How to Do Peer Review in Radiology

February 4, 2014

Peer review can help radiologists improve. Here are some methods for peer review and solutions for barriers your group may face.

So it’s the end of one of the most popular sports seasons again. It’s SuperBowl time. In the NFL, the process of figuring out who is doing well is a straightforward march through playoffs to the SuperBowl.

Knowing you are doing a good job is easy. Did you make the playoffs? Win? Other industries like the music industry use award shows.

Last I checked, though, there are no playoffs for radiology and no Grammy’s. In fact, we look at things the other way. We note when things don’t go right. This is painful but should be viewed as a strength and opportunity.

A great observation I heard on this is that Wile E. Coyote didn’t realize he was running in the air over a canyon until he fell, but the observers around him did. Unless our peers help us to improve, we don’t even know when we’ve fallen into the canyon.

So few notes on how to do peer review.

What method should be used? A combination is best. Here are few types:

Traditional, retrospective review: That’s where you review others work when they are used for comparison most commonly. It’s fairly random, but through the retrospectroscope.

Double reading: It’s ideal and prospective but expensive; suitable for certain studies.

Satisfactory use of standards: Good for things with standards like assessment of nodules, renal cysts, ovarian lesions, but not everything has a standard.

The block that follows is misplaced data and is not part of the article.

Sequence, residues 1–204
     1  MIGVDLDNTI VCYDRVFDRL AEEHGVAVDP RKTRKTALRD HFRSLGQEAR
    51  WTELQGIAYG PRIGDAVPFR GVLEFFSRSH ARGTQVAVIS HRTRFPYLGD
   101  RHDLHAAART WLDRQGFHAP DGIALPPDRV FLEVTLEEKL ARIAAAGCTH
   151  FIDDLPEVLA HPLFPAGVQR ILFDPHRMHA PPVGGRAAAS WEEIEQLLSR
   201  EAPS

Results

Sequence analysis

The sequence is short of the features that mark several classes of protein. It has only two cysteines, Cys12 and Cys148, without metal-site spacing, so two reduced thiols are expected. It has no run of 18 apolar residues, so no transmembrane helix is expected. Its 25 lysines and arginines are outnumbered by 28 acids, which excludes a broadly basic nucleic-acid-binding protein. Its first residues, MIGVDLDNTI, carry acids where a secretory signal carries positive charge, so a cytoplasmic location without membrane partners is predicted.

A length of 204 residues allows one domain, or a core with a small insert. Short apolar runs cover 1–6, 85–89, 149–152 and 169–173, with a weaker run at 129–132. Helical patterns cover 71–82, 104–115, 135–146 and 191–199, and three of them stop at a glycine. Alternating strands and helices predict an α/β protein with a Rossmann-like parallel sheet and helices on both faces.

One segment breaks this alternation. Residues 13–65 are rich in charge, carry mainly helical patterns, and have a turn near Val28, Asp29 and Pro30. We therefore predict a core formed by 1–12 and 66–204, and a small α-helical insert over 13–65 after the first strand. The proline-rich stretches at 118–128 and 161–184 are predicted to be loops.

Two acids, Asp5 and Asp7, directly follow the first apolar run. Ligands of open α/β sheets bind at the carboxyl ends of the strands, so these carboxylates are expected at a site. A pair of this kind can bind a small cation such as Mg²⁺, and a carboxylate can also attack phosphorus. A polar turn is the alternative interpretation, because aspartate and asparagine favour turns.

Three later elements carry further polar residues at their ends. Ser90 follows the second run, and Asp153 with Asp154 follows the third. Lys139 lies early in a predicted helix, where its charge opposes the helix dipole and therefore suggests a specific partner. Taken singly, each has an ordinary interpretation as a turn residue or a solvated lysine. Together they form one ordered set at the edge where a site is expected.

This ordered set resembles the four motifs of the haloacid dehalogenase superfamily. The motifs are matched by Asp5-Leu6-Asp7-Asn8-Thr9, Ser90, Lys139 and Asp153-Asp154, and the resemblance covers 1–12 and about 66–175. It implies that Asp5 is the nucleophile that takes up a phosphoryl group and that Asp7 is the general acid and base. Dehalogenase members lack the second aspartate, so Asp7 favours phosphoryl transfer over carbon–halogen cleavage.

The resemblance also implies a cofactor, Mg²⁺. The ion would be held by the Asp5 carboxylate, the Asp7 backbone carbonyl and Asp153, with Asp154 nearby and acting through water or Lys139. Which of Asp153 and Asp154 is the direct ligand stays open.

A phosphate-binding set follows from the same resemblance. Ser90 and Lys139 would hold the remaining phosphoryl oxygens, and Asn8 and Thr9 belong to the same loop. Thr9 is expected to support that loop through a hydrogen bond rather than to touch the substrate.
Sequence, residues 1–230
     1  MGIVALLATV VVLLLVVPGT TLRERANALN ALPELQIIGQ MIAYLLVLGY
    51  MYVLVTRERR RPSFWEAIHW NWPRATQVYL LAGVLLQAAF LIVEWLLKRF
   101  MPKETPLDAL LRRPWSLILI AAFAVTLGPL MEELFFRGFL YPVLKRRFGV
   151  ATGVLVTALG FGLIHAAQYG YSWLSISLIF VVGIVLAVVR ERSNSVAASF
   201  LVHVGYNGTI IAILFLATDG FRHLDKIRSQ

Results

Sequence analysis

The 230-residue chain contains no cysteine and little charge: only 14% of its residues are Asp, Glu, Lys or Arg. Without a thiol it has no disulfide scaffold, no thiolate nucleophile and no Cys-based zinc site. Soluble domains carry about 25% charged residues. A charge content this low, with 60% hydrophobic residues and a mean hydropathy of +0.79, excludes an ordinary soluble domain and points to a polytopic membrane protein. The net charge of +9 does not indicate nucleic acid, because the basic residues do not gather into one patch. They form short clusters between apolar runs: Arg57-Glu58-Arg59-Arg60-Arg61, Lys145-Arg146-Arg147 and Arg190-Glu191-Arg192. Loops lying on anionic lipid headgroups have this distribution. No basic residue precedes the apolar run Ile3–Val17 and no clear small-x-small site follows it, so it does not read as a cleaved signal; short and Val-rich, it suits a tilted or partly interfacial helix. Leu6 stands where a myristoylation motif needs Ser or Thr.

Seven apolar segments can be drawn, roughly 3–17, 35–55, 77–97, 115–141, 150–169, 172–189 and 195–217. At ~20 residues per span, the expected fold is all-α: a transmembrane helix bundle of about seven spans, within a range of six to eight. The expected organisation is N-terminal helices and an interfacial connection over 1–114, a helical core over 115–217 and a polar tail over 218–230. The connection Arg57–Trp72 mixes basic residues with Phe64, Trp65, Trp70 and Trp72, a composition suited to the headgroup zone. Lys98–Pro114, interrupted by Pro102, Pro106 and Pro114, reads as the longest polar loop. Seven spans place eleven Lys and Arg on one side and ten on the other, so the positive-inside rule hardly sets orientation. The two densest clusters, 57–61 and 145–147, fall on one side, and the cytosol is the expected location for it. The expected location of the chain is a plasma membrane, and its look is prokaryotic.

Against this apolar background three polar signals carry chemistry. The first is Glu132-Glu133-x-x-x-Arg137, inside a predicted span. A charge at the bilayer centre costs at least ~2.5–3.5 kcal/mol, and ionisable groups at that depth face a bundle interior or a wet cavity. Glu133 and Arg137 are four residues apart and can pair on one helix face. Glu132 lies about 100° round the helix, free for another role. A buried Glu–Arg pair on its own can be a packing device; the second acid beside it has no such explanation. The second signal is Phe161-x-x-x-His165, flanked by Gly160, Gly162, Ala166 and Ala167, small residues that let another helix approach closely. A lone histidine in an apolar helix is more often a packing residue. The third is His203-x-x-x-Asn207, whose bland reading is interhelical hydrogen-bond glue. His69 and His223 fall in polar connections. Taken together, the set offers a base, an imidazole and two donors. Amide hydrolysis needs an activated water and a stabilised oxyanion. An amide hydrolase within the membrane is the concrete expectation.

Focused review: That’s when someone points out an error. Can be very helpful, but needs a standardized process and review, including appeals, as it can be a tool for targeting.

Audit/correlative: Using path, surgical findings or clinical outcome to find out if you are right. It’s only suitable for certain types of cases; it may become easier with central accumulation of data and EMRs. Remember, too, the “gold” standard is not always right.

Clinical feedback: This is information from a referring about the nature/type of reporting and style. If done in an organized way, can be very helpful on several levels.

Education: That is looking for regular errors throughout the practice or in certain modalities. Looks for systematic problems and globally improves practice as whole, not just individuals.

Combining some or all of these helps mute limitations of each method, and aids in subspecialties where few peers are available.

What are the barriers to acceptance?

  • “I’m a target”
  • Embarrassment
  • There is a sense of unfairness or randomness
  • It seems onerous and not useful
  • It may be unsupported by references (i.e. opinions)
  • Increasingly complex studies mean it’s harder to find peers to review

What are the solutions? Peer review

  • Should be anonymous - central accumulation of data; radial distribution
  • Should be random - try having everyone use the first case with a comparison one day each week
  • Should be reliable and consistent
  • Should be focused on outcome and improvement, not the error
  • Should be constructive, become part of data collection over time and be use to direct education
  • Can be incentivized to help encourage its use
  • Should be assessed and measured to show improvements - Remember there are MOC and PQR benefits.

Peer review is part of a focus on quality of patient care. It’s accepted throughout medical industry and with increased attention on medical errors and demand for accountability, it will be part of a broader QA/QI process. It is needed and desired by technical partners and is an opportunity for value added by the radiology practice. Soon, it also may be necessary to obtain reimbursement or maximize reimbursement.

Moreover, peer review is our best way to find out how we are doing and to push us to improve. At least until there is an award show for radiology.